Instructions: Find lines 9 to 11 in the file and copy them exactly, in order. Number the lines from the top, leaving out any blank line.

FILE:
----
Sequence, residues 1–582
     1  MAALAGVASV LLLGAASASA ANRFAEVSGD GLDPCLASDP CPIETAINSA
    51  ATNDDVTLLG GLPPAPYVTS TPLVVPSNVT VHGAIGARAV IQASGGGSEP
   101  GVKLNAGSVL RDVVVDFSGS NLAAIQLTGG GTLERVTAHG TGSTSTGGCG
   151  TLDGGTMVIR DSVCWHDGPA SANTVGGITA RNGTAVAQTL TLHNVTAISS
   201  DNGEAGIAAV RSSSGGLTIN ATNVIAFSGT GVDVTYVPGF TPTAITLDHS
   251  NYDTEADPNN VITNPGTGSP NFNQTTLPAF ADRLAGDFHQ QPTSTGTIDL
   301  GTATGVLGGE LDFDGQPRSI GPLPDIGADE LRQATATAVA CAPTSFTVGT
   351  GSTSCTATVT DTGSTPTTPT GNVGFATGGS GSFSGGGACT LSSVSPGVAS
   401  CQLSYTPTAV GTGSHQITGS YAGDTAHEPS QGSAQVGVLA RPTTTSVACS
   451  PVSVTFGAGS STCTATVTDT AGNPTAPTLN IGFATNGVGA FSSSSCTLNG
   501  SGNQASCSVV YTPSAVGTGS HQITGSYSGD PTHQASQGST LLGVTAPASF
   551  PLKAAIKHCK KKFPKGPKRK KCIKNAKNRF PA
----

   351  GSTSCTATVT DTGSTPTTPT GNVGFATGGS GSFSGGGACT LSSVSPGVAS
   401  CQLSYTPTAV GTGSHQITGS YAGDTAHEPS QGSAQVGVLA RPTTTSVACS
   451  PVSVTFGAGS STCTATVTDT AGNPTAPTLN IGFATNGVGA FSSSSCTLNG